Inspiration from Aida Mollenkamp: Blood Orange-Braised Pork Shoulder

How many blood oranges does a girl have to squeeze to get 1½ cups of juice? Nine. I won't forget it because the last one squirted into the bowl, yes, but also across the page that held the recipe for Blood Orange-Braised Pork Shoulder, thus christening my new cookbook.

The cookbook is Aida Mollenkamp's Keys to the Kitchen and I'm pretty sure that this won't be the last page to end up sauced or stained. Her cookbook is a wealth of information, and it's already taken a spot in our section of essential cookbooks, very close to Mark Bittman, Yotam Ottolenghi, and the classic Joy of Cooking. Actually, in one of the Amazon reviews, someone referred to Mollenkamp's book as a modern, updated version of Irma Rombauer's classic American cookbook. And I can see why.

There are more than 300 recipes in this book rife with tips and helpful illustrations on storing food, cooking, and stocking a basic kitchen. With each one, she aims to teach a technique with ways to riff off that technique and recipe.

But before she even gets to the recipes, Mollenkamp walks you through the grocery store and explains the cuts of meat on different animals and the ways to cook each piece. Pork shoulder is one of our favorite cuts of meat, and braising is one of the best ways to cook it. It's relatively inexpensive, easy to cook, and tastes good. Mollenkamp's recipe with blood orange juice, whiskey, and brown sugar gives the meat a sweetness that's balanced by herbs and spices.

She calls this "the essential reference for becoming a more accomplished, adventurous cook." I like that a lot. Who doesn't want to be those things? And let me tell you, as I lugged a 4-pound piece of pork shoulder, beautifully browned on all sides of course, from the pot to the plate, I felt accomplished. I've come a long way from the tough scrambled eggs in my freshman dorm.

Danny was impressed. And when my somewhat picky sisters visited the next day, we turned the leftovers into tacos. My youngest sister, Lila, said it was so good she couldn't stop eating. Not even long enough to talk to our mom on the phone.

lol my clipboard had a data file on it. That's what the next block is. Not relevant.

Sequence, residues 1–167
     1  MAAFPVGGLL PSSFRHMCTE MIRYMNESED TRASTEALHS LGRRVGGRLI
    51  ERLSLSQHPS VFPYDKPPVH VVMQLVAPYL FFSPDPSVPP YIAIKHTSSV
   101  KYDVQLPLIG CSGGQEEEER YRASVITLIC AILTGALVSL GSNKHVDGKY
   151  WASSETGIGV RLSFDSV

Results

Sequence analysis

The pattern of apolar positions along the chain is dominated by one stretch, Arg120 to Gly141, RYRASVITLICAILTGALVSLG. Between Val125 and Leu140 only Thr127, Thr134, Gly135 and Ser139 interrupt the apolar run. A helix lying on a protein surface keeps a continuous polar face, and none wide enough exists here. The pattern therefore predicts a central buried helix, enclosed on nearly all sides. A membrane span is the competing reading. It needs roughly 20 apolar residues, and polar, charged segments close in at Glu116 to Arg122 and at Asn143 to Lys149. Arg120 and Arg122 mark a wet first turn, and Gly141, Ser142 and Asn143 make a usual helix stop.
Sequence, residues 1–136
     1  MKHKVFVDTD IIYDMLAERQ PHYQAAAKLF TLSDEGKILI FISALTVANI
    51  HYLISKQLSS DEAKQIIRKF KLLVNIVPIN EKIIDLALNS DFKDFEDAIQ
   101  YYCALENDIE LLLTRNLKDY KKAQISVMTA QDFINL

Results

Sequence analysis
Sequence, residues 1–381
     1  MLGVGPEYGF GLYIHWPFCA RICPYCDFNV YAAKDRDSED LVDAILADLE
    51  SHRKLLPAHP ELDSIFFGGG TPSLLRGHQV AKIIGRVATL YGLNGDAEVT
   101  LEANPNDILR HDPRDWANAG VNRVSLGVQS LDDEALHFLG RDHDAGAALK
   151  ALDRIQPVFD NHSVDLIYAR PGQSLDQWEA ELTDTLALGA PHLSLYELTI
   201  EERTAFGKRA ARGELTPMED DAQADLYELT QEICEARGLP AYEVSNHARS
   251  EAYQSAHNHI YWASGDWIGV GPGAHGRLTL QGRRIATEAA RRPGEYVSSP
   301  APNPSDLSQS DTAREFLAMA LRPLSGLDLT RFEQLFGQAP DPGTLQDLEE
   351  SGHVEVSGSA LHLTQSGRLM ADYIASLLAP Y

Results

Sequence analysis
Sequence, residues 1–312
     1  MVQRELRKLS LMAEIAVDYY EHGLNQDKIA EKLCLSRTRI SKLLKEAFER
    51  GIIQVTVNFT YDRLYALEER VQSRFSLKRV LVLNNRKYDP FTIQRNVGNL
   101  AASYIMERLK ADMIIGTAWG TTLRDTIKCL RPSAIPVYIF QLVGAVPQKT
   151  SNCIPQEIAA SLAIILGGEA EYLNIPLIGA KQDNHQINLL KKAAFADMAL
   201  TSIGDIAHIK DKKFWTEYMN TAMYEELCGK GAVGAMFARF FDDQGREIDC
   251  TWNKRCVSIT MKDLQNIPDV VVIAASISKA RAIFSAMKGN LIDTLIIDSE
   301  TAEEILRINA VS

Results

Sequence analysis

So, how many cookbooks does a girl need to cook? I love our growing collection and wouldn't give it up, but I could definitely get by for a while on this one alone.

Ileana Morales is a writer who cooks in a small apartment kitchen in Tampa with boyfriend Danny Valentine, an education reporter for the Tampa Bay Times. For more of their kitchen adventures, visit Ileana's blog, alittlesaffron.com. She can be reached at alittlesaffron@gmail.com.

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Blood Orange-Braised Pork Shoulder

We really loved this pork shoulder served over polenta. The next night, we used the meat for tacos. The orange juice and whiskey impart an unmistakable sweetness to the meat, which is very tender, and that's hard to resist.

¼ cup packed light brown sugar

1 tablespoon kosher salt

3 ½- to 4-pound bone-in pork shoulder (Boston butt)

2 tablespoons canola, grapeseed or peanut oil

1 ½ cups freshly squeezed blood orange juice (from about 9 oranges)

1 cup low-sodium chicken broth or water

½ cup whiskey (I used bourbon)

½ cup low-sodium soy sauce

½ cup balsamic vinegar

12 garlic cloves, peeled and smashed

1 cinnamon stick (about 3 inches long)

15 black peppercorns

1 bunch fresh thyme

2 yellow onions, cut into eighths

Heat oven to 325 degrees and arrange rack in the middle of the oven.

Mix the brown sugar and salt in a bowl until combined. Rub the mixture all over the pork and set aside at room temperature for 20 to 30 minutes. Then, heat the oil in an ovenproof Dutch oven or big, heavy-bottomed pot over medium heat until it's just beginning to smoke. Carefully add the pork and cook until all sides are well browned, just 2 to 3 minutes on each side without moving it. Then, move this huge piece of meat to a plate and set aside.

Back at the pot, add the orange juice, broth, whiskey, soy sauce, and vinegar to the pot, scraping the bottom of the pot to pick up any browned bits. Increase the heat a bit and when the liquid comes to a boil, bring the heat back down to medium-low. Add the garlic, cinnamon stick, peppercorns, thyme, onions, and the pork. Once the liquid reaches a simmer, cover the pot and place it in the oven. Cook until the pork is fork-tender, falling off the bone, and has an internal temperature of at least 155 degrees, 2 to 2 ½ hours. Baste the pork occasionally during that time.

Discard the cinnamon stick and peppercorns and fish out the pieces of thyme. Then, use two forks to pull the meat off the bone and shred. Get rid of the bone. Stir the meat in the braising juices and watch as it soaks it up. Serve shredded pork with braising juices poured over the meat and a side of polenta, potatoes, rice, or tortillas.

Keep any leftover meat stored with the braising juices in the fridge for up to 3 days, and reheat in a pot over medium heat after getting rid of some of the fat.

Serves 8.

Source: Keys to the Kitchen by Aida Mollenkamp (Chronicle, 2012)

Inspiration from Aida Mollenkamp: Blood Orange-Braised Pork Shoulder 02/19/13 [Last modified: Monday, February 18, 2013 4:52pm]

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